A Halifax woman says the city’s plan to build protected bike lanes on Dalhousie University’s campus is pitting the able-bodied against the disabled.

Accessible parking spaces will be relocated once the bike lanes are put in place and Marcia McIntyre says that will limit her access to buildings on campus.

“There are 17,600 accessible tags in the city and there are little over 200 accessible parking spots in HRM,” says McIntyre, who has had a prosthetic leg for 56 years.

There are nine accessible parking spaces on University Avenue, but they will be moved to side streets and to the Killam loop when the bike lane is built. One accessible space will remain in front of the provincial archives.

“Our sense is that moving existing accessible parking spots to side streets is a fair and equitable approach,” says Nathan Rogers of capital planning at Dalhousie University.

Dahousie says it wants to move forward with the pilot project before the fall semester begins and they hope to have the bike lanes installed by the end of June.

But McIntyre wants to the university and the city to put the project on hold until more consultation has been done.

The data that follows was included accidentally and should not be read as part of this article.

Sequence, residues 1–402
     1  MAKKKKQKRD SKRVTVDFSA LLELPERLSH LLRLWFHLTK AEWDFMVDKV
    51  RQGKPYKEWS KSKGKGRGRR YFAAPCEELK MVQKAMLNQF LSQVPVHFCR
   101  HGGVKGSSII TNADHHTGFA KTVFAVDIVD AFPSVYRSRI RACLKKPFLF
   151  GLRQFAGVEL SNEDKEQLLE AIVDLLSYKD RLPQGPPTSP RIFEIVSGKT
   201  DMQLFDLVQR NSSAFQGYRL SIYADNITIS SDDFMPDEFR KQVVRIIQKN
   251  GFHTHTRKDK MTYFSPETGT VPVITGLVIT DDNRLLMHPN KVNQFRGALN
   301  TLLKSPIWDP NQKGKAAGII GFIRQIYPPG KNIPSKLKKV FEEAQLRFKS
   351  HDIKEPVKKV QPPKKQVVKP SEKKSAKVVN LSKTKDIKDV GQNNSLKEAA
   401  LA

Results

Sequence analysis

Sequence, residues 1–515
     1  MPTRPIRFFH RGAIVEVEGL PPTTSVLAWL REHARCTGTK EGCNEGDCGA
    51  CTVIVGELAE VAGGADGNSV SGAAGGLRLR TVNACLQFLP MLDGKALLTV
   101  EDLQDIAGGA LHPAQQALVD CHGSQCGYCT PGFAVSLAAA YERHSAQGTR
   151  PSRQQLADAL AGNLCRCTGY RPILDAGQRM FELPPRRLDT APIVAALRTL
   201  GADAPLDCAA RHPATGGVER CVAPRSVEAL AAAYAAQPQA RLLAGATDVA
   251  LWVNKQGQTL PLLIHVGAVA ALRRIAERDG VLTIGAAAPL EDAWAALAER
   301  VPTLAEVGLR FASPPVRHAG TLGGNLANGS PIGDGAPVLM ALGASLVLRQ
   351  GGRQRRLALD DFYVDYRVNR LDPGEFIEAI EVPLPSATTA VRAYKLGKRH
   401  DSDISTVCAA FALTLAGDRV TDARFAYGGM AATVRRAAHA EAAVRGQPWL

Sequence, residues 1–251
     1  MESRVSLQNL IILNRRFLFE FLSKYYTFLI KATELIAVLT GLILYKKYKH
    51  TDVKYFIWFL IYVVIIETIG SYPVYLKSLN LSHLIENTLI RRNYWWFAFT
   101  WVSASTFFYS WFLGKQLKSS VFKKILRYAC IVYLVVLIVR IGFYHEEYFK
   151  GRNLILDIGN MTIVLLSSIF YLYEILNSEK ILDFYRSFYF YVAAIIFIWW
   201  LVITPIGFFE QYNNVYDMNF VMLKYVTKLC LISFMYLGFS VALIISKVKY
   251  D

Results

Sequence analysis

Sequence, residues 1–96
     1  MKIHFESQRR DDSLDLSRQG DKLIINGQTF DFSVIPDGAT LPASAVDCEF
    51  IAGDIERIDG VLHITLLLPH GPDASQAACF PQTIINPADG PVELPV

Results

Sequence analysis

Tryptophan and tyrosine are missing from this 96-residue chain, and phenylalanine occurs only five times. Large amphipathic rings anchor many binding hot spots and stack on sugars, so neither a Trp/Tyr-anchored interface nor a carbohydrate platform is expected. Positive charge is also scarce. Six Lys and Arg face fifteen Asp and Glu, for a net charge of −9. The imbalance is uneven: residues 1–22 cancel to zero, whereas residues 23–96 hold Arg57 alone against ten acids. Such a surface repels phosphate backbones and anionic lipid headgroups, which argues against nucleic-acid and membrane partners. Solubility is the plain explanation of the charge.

“I talked to someone from Dal and I asked them, had they actually walked the distance where they’re moving them with someone who was disabled and the answer was no,” she says.

“We worked very closely with Dalhousie’s accessibility office, as well as we’ve also consulted with the Municipal Accessibility Committee,” says city spokesman Brendan Elliot.

McIntyre says moving the bike lanes to the inside of the street, next to the median, would be a fair compromise.

“Don’t take away from the disabled or seniors with tags to accommodate the able-bodied.”

The city says the project can be revised if the bike lane causes problems for people with disabilities over the next two years.

With files from CTV Atlantic's Sarah Ritchie